Garden Cinema: The Sequel

Alert “06880” reader/concerned moviegoer Bill Kutik was one of many Westporters at last night’s meeting in Norwalk. The subject: the fate of Garden Cinemas, the indie/foreign film theater threatened by demolition. Bill writes:

Responding to an enormous public outcry, the Norwalk Common Council postponed voting on the controversial development plan that would have torn down the Garden Cinemas art movie house for a parking garage.

Mayor Harry Rilling opened the SRO meeting by announcing tabling the matter until September 10 after receiving a petition with nearly 3,000 signatures gathered online by the Wall Street Neighborhood Association.

Until the petition, the destruction vote had seemed like a done deal. “Pave paradise and put up a parking lot,” as Joni Mitchell used to sing.

The 22 people signed up to speak against the plan addressed the SRO crowd of Norwalk and Westport residents anyway – to cheers and applause.

I helped the opposition – – and spoke because I moved to Westport 20 years ago after decades in Manhattan precisely because the Garden and Gold’s (substituting for Zabar’s) offered just enough of home to make me feel comfortable.

Some speakers criticized the modern design of the 101-unit rental apartment building on Wall Street in a federally designated Historic District. Others criticized the trickle of taxes it would produce for Norwalk after the city and state granted large tax credits for it being “affordable housing.”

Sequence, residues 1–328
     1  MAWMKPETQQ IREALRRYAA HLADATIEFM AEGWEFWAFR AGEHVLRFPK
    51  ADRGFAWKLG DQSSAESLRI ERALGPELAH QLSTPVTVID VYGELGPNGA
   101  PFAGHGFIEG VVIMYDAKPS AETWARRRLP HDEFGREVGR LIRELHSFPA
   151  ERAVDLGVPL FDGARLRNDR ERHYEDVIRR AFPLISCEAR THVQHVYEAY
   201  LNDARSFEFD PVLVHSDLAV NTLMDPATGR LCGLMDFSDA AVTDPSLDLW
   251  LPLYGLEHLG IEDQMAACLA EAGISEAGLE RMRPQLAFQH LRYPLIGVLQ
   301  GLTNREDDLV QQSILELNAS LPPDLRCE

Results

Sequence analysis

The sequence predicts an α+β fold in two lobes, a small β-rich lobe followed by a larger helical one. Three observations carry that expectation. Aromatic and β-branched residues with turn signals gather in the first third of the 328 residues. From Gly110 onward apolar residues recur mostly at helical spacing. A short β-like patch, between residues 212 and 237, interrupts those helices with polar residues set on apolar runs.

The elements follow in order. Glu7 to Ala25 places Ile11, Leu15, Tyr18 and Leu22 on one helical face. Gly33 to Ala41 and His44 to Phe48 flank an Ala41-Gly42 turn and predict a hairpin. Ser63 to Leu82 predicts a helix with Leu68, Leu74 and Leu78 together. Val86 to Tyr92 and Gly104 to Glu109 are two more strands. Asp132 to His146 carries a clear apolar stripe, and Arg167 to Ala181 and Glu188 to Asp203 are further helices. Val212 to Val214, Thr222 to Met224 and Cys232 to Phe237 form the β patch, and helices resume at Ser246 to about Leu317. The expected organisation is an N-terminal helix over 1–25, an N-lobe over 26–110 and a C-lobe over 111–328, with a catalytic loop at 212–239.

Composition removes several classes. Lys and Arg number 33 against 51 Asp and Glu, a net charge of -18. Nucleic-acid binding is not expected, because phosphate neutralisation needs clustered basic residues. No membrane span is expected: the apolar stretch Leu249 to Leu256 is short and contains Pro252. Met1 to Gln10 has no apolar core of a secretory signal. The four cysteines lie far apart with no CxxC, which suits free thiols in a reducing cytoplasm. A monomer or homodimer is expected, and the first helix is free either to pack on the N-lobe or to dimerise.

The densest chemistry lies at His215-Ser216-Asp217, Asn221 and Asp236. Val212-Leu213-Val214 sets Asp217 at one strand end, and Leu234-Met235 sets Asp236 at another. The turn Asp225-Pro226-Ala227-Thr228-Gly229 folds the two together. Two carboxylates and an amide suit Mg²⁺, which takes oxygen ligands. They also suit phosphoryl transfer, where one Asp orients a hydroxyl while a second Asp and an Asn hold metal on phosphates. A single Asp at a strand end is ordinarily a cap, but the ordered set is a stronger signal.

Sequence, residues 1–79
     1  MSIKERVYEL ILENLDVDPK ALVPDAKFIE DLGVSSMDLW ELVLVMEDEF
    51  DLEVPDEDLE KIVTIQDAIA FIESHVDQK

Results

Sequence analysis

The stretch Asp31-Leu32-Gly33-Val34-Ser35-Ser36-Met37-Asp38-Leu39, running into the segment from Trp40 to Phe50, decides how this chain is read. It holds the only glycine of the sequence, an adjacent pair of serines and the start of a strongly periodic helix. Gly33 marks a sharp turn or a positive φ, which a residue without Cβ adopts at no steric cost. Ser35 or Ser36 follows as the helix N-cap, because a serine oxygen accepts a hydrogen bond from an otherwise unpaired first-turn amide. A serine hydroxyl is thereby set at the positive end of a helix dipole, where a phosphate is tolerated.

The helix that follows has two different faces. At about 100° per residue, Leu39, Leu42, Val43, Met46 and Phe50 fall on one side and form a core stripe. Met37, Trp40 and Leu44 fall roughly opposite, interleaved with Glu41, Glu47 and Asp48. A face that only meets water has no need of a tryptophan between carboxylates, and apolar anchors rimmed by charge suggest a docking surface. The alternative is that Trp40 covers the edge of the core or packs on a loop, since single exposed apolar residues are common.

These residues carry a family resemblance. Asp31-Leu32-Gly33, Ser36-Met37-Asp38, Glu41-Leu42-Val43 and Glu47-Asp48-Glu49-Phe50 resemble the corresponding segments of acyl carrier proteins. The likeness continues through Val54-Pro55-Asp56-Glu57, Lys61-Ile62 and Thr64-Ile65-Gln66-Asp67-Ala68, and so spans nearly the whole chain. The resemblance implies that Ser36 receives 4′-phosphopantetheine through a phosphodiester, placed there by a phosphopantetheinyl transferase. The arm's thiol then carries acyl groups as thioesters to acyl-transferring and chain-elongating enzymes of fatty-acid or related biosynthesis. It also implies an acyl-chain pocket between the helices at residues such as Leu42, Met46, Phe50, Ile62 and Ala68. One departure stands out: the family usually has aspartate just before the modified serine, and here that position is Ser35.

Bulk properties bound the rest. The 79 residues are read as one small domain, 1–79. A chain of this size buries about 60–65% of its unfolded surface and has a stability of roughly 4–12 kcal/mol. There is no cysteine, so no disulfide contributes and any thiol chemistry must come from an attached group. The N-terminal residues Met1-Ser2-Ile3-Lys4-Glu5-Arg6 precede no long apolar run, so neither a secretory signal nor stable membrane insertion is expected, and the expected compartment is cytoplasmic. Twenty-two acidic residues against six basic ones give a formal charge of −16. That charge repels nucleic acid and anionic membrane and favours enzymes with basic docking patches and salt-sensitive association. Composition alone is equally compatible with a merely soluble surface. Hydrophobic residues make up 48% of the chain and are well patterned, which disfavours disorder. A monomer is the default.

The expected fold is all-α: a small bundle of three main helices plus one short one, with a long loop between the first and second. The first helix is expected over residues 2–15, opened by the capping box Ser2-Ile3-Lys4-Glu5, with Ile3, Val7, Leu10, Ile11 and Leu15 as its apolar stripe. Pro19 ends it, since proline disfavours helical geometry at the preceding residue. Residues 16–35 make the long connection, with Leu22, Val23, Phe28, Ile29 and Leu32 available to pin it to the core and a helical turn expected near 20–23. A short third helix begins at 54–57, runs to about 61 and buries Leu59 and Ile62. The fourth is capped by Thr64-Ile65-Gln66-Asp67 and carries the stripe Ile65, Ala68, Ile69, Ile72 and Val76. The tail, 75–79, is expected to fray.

But most expressed their love for the independent theater: the only one showing non-Hollywood and foreign films on four screens between Westport and Manhattan! The Avon shows some in Stamford.

And alluded to the absurdity of tearing down this amazing suburban cultural gem – housed in a 1918 building originally built as a vaudeville house – for parking!

Mayor Rilling said that the city would work with board members of the Wall Street Association on their proposal to develop an arts and cultural center in the area – using the Garden Cinemas or in the new building.

“There are at least 4 options,” he noted.

In my public statement, I pointed out a fifth: Simply buying the existing parking lot 100 feet away at 27 Isaacs Street, instead of tearing down the Garden at 13 Isaacs Street.